Luke Cage History: From Hero for Hire to Hollywood
TV, Comic Books
Following in the footsteps of two of its predecessors, 2016’s X-Men: Apocalypse will be set in a decade that’s long past. X-Men: First Class brought the ’60s to life, at least half of this summer’s X-Men: Days of Future Past will take place in the ’70s, and Bryan Singer recently confirmed that the currently in pre-production sequel will take place in the 1980s. Yep, the mutants will slip into Members Only jackets and use their powers to solve Rubik’s Cubes – that is, if there’s anything left of America following the possibly time-stream shattering events of Days of Future Past. The subtitle Apocalypse doesn’t make this version of the 1980s sound all that pleasant.
Still, longtime fans of the X-Men should welcome this setting with open arms, since it means that the film will be set during the decade that saw the X-Men claw their way to the top of the charts. Under Chris Claremont’s guidance and flanked by some of the best artists to ever put pencil to paper (John Byrne, Dave Cockrum, Paul Smith, John Romita Jr. Marc Silvestri, and Jim Lee just to name a few), the X-Men hit epic heights that few comic book properties ever hit. If any ’80s ideas are going to make their way to the big screen, we really hope its one – or all – of these.
Return of the Queen
Emma Frost made her comic book debut at the dawn of the ’80s and then spent the rest of the decade as one of the X-Men’s most competent and deadly adversaries. You didn’t really get that vibe from January Jones’ deadpan portrayal in X-Men: First Class, did you? Emma Frost is absent from Days of Future Past, but there’s no reason why she can’t show up again in Apocalypse as an older and deadlier version of her previous self. If you’ve seen even one episode of Netflix’s House of Cards, then you know this is a role tailor-made for ice queen Robin Wright.
Following an act of heroism that led the world to believe they were dead, the X-Men set up shop in the Australian outback. From there, they used the abilities of a teleporter named Gateway to get the drop on their enemies. This status quo might have only took up the last couple years of the decade, but the remote setting and funky lineup has stood the test of time in the hearts of fans. So far the X-Men films haven’t strayed too far from the X-Mansion’s grounds in Westchester, New York. Maybe it’s time the team took a little trip down under.
Director Bryan Singer has already teased that fans will get to see young versions of familiar faces, meaning that fans might finally get to see the version of Storm they’ve wanted to see on the big screen from day one: punk rock Storm. Sporting a Mohawk haircut and an outfit pulled directly from Joan Jett’s closet, Storm reinvented herself from an untouchable goddess into a tough-as-nails street fighter. Academy Award winner Lupita Nyong’o, whose natural speaking voice sounds like what Halle Berry was trying to accomplish in X-Men, would crush it in this role. Seriously, Singer, it’s time we got a bad ass Storm.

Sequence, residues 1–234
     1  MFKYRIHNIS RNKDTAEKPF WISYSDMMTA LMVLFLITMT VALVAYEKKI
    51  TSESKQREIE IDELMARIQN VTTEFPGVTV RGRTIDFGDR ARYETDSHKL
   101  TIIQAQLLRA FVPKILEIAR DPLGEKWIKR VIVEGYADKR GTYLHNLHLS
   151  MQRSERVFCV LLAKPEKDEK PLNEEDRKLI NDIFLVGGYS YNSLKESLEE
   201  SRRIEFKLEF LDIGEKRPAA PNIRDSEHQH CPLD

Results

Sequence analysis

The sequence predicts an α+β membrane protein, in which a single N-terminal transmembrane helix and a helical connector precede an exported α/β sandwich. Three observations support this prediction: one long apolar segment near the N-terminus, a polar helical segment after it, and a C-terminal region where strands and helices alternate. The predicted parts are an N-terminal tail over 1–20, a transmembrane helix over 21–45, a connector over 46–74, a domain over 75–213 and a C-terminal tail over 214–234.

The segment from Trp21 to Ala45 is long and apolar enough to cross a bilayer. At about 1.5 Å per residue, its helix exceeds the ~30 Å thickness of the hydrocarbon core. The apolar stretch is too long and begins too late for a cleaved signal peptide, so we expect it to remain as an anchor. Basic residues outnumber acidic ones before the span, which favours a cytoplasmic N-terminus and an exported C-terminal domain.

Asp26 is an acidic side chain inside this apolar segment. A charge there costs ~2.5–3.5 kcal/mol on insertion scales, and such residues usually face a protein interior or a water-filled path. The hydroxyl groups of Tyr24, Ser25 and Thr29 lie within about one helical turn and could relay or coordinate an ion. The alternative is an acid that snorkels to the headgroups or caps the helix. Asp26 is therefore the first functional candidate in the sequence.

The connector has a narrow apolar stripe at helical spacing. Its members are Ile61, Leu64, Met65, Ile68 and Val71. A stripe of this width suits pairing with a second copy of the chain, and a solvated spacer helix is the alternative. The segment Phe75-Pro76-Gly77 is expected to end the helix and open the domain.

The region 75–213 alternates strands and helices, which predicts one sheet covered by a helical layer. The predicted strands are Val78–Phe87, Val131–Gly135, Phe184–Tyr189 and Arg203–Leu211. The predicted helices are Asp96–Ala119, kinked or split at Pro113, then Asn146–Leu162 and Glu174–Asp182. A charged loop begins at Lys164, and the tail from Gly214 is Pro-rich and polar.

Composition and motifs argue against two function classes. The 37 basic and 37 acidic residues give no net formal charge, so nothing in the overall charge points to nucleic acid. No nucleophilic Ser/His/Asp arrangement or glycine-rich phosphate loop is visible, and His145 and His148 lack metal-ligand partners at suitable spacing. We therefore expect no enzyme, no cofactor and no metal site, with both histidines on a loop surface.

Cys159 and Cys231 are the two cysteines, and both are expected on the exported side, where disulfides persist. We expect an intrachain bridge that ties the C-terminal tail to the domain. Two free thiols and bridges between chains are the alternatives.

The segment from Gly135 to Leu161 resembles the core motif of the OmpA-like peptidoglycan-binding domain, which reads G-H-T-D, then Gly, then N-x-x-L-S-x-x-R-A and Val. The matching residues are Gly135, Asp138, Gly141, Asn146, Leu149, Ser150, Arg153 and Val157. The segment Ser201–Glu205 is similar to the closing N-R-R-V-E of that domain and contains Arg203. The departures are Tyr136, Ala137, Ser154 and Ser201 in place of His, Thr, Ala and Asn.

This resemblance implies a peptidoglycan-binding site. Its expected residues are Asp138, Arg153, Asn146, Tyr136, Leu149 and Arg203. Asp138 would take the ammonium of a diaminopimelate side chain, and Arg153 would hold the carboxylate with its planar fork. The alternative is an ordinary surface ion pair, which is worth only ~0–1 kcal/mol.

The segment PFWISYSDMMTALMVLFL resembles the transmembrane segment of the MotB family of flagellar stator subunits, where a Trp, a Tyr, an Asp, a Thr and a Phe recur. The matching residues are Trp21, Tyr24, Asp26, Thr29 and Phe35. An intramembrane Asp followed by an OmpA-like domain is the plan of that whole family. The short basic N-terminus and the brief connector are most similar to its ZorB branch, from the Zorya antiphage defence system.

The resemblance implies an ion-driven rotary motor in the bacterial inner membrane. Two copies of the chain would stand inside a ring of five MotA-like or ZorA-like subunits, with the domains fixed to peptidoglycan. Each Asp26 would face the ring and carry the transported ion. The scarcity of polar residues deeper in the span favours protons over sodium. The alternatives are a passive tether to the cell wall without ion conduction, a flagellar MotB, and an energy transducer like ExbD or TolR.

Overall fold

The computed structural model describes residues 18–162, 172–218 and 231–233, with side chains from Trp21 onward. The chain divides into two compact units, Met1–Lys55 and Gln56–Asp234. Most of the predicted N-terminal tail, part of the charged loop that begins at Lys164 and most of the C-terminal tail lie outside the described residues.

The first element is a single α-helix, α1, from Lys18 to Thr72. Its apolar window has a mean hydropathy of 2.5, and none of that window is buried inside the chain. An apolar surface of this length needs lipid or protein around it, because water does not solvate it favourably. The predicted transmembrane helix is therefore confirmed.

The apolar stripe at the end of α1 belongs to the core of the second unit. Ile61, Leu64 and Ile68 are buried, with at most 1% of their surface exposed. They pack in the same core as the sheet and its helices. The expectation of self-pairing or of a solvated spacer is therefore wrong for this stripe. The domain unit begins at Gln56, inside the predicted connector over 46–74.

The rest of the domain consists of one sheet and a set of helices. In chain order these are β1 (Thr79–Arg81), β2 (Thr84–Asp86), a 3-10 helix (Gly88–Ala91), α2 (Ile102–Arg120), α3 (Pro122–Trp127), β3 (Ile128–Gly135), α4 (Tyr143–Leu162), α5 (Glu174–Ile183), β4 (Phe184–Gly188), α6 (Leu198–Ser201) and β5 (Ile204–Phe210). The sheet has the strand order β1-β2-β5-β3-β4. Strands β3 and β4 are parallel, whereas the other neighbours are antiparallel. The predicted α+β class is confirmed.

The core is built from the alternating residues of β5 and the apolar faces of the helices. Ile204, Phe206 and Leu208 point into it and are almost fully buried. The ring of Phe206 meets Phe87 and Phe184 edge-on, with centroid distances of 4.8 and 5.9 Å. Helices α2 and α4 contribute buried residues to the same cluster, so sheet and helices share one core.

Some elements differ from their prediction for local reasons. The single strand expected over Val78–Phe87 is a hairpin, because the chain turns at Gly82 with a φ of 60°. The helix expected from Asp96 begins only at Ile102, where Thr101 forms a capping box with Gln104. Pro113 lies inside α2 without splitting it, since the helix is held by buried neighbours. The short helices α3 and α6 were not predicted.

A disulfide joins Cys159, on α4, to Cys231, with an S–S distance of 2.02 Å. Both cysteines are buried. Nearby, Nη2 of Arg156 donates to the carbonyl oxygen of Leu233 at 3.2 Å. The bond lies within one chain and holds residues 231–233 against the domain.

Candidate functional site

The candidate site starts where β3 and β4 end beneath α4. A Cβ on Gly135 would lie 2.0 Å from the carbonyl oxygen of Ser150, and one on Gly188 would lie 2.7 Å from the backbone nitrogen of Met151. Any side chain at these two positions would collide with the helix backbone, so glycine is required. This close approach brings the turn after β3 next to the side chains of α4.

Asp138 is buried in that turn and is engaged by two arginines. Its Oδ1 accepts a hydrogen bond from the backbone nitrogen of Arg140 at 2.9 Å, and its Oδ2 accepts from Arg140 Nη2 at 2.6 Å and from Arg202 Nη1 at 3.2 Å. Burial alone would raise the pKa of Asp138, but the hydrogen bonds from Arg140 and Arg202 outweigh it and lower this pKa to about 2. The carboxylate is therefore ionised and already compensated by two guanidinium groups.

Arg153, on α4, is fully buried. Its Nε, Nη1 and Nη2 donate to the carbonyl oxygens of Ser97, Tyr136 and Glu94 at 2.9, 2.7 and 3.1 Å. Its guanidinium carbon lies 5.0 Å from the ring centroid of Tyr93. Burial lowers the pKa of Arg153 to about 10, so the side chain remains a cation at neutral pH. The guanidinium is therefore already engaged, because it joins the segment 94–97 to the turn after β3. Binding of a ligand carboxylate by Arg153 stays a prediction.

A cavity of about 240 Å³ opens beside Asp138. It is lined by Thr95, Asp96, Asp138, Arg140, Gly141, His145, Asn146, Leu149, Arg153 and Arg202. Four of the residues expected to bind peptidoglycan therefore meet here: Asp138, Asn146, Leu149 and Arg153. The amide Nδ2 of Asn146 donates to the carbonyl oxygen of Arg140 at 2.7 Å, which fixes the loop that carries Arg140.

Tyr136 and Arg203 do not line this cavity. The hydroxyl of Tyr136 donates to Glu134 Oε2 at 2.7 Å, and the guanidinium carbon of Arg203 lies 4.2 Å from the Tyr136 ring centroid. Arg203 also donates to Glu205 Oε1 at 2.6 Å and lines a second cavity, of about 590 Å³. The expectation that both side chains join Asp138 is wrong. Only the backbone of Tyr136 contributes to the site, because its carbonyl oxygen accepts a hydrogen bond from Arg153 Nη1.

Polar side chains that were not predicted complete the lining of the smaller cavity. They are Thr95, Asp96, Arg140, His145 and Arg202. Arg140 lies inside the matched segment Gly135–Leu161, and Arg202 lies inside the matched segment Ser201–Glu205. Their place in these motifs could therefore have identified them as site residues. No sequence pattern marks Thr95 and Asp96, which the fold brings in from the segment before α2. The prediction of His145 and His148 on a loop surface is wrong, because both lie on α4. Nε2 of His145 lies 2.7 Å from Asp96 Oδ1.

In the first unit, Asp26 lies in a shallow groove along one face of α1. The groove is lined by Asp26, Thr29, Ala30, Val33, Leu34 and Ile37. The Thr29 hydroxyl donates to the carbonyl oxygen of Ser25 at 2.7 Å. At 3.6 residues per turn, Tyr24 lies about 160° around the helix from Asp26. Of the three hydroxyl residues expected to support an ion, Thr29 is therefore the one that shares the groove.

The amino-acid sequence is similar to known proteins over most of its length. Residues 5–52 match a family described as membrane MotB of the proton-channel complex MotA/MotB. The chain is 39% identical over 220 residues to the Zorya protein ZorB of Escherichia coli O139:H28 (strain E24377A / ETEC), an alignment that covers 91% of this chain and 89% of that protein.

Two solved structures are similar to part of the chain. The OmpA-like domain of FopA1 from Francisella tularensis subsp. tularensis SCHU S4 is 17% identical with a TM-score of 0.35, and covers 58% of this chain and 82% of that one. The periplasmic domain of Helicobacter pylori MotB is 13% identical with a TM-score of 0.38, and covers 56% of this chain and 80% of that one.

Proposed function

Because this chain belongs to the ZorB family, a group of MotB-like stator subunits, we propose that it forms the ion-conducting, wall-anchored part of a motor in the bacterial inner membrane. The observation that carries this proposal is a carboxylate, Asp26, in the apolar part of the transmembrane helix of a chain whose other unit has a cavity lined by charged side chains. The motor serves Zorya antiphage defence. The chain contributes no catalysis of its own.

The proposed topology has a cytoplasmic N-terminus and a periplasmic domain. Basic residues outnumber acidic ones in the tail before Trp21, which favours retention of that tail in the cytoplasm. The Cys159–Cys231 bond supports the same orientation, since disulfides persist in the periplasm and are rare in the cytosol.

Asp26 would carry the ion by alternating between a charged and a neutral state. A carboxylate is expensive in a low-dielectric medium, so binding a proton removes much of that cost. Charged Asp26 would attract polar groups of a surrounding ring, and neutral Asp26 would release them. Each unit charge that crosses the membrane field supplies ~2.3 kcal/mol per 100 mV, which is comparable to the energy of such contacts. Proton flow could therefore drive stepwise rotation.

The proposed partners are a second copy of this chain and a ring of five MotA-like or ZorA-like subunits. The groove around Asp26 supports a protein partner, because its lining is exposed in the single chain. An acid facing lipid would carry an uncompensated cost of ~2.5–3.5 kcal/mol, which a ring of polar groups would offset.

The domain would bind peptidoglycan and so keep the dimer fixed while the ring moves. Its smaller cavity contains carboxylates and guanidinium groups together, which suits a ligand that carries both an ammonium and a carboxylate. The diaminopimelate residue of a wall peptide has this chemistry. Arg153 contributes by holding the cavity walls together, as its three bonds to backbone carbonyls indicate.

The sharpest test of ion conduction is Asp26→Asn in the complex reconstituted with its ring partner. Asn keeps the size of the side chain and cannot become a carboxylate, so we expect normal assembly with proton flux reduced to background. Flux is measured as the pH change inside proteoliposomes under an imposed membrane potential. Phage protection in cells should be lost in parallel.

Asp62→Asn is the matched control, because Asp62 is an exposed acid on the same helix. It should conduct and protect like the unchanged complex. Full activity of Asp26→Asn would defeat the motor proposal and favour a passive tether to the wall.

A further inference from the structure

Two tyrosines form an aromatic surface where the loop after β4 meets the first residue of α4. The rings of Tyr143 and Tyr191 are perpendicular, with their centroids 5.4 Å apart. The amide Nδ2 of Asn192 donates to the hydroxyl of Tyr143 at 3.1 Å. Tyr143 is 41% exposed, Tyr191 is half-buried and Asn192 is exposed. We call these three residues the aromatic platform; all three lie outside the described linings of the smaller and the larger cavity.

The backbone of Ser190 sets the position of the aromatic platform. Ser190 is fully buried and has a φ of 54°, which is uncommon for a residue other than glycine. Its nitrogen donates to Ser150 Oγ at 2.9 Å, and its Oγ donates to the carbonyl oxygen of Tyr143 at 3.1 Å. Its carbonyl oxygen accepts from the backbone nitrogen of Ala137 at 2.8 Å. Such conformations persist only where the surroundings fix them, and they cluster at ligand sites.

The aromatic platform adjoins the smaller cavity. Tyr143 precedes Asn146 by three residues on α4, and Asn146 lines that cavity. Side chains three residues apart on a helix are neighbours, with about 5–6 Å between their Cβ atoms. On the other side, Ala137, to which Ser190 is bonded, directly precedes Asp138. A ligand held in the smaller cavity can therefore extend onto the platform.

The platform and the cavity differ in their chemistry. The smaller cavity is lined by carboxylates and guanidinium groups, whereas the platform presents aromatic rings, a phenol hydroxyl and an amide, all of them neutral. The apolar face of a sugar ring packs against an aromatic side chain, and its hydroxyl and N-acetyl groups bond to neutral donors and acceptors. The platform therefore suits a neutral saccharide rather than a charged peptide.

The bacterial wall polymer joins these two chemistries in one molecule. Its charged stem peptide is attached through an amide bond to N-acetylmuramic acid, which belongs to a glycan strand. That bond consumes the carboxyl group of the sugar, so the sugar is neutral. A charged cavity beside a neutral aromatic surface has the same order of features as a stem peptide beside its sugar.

Even if disco was already close to death when Dazzler debuted in 1980, the character was still quintessentially ’80s. Her fashionable costume, pop star talent, wild spirit, and flashy super power make her seem like an anthropomorphized version of the decade that spawned her. She has to be included in the film, and she can be patterned after ’80s icons like Madonna or Cyndi Lauper if disco is deemed too ’70s.
The Brown and Tan
Wolverine spent pretty much the entirety of the 1980s with his classic yellow costume crumpled in a ball under his bed. Instead, he sported a brown and tan look that gave him a much more stealthy and animalistic look – at least compared to the canary colored costume her previously wore. Fox’s Wolverine has yet to wear a costume reminiscent of either of his main two comic book looks, and it would be great to see that change in “Apocalypse.” No, we don’t yet know how Hugh Jackman’s Wolverine will factor into X-Men: Apocalypse. Logan joined the team for the first time in 2000’s “X-Men,” that is unless there were a lot of lies and mindwipes happening behind the scenes. Therefore, he can’t have been a member of the X-Men in the 1980s. But if Days of Future Past resets the timeline, then its entirely possible he’ll be a main player. Details aside, we just want to see Wolverine wearing a mask of some sort, and it should happen in Apocalypse.